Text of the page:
Why I use clickers in small coursesPosted: August 20, 2011
I understand clickers for large lectures, but I’ve never gotten the point of them in a class of 10. Could you explain why you feel them useful in a class small enough that you can see all the students’ faces and ask them questions personally?
He provided me with a great opportunity to step back and consider my own personal reasons. Here they are. Please keep in mind that I am not trying to convince anybody that these are THE reasons to use clickers in a small classroom or to not use them, but are simply my reasons.
With clickers I feel that I can engage every student
I’m going to quote Stephanie Chasteen (sciencegeekgirl) from one of her posts in her series on clickers in upper-division physics. This is her response to a common argument against using clicker in upper-division courses:
Discussion is easy in small classes, we don’t need clickers. Some instructors do use other methods, such as colored cards, in small classes. The technology itself may not be as crucial, but the teaching method (of asking a question and encouraging students to discuss it with their neighbors) is still incredibly powerful. Plus, students can still “hide” in a class of 10. Or even a class of five. And so can their misconceptions. Students may think that they are following, but until they have to answer a challenging question, they may not be aware of difficulties that they have.
Despite the fact that I can ask all of them questions personally, when I ask one student a question I present the rest of the students the opportunity to “hide”. Just like in larger courses (well larger relative to 10), I want every single student to actually commit to an answer and become vested in the income. Without getting them to commit to an answer I feel that they often won’t fully consider what I am asking them. My analogy is that it is like the difference between having a character with an unfamiliar name in a book and just sort of mentally mumbling it every time you read it, compared to reading it out loud and having to actually commit to how you think that name might be pronounced. Committing to the specific answer with the clicker is like asking a person to try to pronounce that unfamiliar name, they can’t just mentally smudge it anymore. Without the clickers or some low-tech variation, I might be able to engage a few of the students in trying to pronounce the name out loud, and a few others might honestly try to do it without being called on. But like Stephanie says, students can still “hide in a class of 10.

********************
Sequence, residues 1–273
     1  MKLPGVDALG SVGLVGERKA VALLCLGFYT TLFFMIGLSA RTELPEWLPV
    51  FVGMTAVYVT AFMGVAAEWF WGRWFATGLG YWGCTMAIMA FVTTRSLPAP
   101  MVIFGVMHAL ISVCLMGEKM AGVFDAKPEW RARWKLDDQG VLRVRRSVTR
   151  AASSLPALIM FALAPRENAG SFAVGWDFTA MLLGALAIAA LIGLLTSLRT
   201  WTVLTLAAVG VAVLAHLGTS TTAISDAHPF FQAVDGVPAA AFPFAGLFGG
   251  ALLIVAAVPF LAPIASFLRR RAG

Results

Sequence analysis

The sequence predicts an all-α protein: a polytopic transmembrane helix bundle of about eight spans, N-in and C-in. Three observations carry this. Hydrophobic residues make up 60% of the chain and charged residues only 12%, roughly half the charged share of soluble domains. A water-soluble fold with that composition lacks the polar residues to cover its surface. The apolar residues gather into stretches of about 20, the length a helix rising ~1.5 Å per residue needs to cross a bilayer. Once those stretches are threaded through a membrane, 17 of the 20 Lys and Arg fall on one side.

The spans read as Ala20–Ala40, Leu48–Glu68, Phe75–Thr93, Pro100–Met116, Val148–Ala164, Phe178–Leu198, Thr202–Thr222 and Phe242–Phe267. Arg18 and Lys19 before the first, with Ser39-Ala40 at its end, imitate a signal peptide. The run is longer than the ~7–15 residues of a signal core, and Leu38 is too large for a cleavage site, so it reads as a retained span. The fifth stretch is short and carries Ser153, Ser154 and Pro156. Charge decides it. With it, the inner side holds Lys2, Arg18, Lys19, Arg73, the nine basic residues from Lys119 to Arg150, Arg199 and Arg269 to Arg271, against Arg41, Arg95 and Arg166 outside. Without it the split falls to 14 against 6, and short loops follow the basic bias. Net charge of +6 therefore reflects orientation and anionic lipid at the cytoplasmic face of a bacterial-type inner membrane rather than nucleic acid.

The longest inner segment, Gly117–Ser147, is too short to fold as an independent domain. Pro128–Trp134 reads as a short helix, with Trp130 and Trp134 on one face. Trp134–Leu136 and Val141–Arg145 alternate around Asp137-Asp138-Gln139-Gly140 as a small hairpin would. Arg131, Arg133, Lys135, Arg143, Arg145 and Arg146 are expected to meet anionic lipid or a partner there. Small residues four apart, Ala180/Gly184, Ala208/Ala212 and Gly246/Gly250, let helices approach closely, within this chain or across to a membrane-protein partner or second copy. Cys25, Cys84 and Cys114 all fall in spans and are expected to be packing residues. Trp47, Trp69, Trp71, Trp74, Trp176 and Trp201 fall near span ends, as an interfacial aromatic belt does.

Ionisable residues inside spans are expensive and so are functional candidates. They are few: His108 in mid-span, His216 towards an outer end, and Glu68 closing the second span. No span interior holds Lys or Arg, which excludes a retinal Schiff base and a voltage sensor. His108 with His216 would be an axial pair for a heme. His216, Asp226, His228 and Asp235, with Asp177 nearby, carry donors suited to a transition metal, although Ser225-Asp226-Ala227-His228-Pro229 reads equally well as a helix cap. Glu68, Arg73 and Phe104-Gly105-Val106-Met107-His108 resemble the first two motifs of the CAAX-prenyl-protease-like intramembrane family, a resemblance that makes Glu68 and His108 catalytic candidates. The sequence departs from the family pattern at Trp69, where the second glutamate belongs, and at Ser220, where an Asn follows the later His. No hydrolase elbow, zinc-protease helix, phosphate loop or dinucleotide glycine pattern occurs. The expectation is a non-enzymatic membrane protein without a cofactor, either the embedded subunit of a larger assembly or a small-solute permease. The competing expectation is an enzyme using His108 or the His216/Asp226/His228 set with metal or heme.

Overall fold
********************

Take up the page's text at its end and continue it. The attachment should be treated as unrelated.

Clickers help me create a safer learning environment for my students
Even in a class of 10, I find that there are usually some students that often do not feel comfortable discussing their understanding with the entire class. The clickers facilitate the argumentation process for these students in a smaller-group situation in which these students feel more comfortable, but are still help accountable for their answers. They help establish a culture where on most questions each student is going to be discussing their understanding with their peers. Clickers are not the only way to accomplish this, but are the way I do it.
Clickers are a very familiar pedagogical technique for me
I would say that my use of clickers falls much more in the “question driven instruction” camp then the “testing for understanding camp” (Ian Beatty talked about this in his AAPT 2011 Summer Meeting talk). And this has become a very familiar way to run a course for me. I am comfortable setting students up to learn the challenging application of a concept or to figure out how to proceed in a derivation through the use of clickers and group work on whiteboards.
Clickers allow me to record student understanding
As both a physics education researcher and somebody that continuously strives to improve my courses, the ability of the clickers to record snapshots of student understanding is invaluable.